This was a systematic review with meta-analysis in which the authors aimed to clarify obesity’s influence upon dementia by combining the findings from different studies that have looked at the association between body mass index (BMI) and other measures of body fat and different forms of dementia in later life.
The researchers conducted a search of a medical database (PubMed) for all English language articles published between January 1995 and June 2007 which included the keywords “dementia” and “obesity”. All studies had to:
The researchers then pooled results from the studies to see how obesity, overweight, BMI or any weight change affected the risk of the different forms of dementia. They considered factors that could have differed between the studies and therefore would have an effect when combining results, such as sex, age group, length of follow up, and other lifestyle factors and co-morbidities that the participants may have had. They also considered the effect of publication bias, which means that they looked for evidence that studies showing non-significant results may have not been published.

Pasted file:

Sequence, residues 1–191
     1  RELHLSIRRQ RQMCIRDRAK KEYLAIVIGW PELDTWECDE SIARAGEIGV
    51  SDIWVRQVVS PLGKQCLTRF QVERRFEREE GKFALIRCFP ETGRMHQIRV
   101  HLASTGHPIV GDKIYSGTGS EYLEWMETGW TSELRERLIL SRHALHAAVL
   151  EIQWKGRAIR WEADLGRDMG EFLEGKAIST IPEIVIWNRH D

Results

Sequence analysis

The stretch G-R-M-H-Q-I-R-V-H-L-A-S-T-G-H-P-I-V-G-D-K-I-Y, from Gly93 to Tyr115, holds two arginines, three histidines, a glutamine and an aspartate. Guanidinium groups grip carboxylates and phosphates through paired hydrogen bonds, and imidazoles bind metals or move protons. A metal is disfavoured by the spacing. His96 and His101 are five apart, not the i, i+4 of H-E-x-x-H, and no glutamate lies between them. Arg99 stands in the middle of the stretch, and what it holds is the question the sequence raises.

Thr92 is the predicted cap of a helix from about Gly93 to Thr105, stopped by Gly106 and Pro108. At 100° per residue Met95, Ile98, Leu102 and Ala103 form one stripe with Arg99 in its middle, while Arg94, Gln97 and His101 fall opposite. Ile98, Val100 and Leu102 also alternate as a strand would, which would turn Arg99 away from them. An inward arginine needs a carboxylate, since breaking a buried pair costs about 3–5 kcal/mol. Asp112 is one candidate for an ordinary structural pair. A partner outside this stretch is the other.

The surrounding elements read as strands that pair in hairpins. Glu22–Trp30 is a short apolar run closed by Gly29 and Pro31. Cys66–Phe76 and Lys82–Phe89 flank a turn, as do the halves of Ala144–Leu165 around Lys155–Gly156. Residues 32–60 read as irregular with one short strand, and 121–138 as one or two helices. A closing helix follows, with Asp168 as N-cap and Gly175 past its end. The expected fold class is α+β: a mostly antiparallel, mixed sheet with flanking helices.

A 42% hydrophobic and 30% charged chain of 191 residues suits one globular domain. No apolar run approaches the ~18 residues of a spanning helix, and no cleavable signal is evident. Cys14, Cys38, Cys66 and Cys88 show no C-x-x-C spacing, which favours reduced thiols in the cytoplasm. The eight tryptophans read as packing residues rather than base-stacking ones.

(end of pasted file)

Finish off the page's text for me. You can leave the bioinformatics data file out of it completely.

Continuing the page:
researchers identified 10 studies (four from the US, others from Sweden, Finland, Japan and France) and were able to combine the results of seven in a meta-analysis. The studies had variable methods and inclusion criteria: two included men only; four included participants aged in their 40s at the start; while in six, participants were over 65. The studies had different methods of screening for and diagnosing dementia and used different main exposures of interest (BMI, weight change, underweight, overweight or obesity). They differed in length of follow up from between 30 months and 36 years; and in sample size from 382 to 10,136. Overall, combining all the studies, they had 1,007,911 person-years of follow up.